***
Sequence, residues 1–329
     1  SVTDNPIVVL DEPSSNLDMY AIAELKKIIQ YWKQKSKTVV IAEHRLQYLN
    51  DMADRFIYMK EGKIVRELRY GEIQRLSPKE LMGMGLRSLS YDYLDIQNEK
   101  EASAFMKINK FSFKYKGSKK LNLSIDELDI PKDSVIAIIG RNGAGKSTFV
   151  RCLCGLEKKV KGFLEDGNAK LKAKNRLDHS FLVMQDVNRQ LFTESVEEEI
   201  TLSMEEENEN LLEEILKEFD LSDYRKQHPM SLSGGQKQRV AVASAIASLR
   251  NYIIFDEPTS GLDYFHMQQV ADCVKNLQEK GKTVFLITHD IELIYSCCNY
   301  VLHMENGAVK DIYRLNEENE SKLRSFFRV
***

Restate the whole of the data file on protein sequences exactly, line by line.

Sequence, residues 1–329
     1  SVTDNPIVVL DEPSSNLDMY AIAELKKIIQ YWKQKSKTVV IAEHRLQYLN
    51  DMADRFIYMK EGKIVRELRY GEIQRLSPKE LMGMGLRSLS YDYLDIQNEK
   101  EASAFMKINK FSFKYKGSKK LNLSIDELDI PKDSVIAIIG RNGAGKSTFV
   151  RCLCGLEKKV KGFLEDGNAK LKAKNRLDHS FLVMQDVNRQ LFTESVEEEI
   201  TLSMEEENEN LLEEILKEFD LSDYRKQHPM SLSGGQKQRV AVASAIASLR
   251  NYIIFDEPTS GLDYFHMQQV ADCVKNLQEK GKTVFLITHD IELIYSCCNY
   301  VLHMENGAVK DIYRLNEENE SKLRSFFRV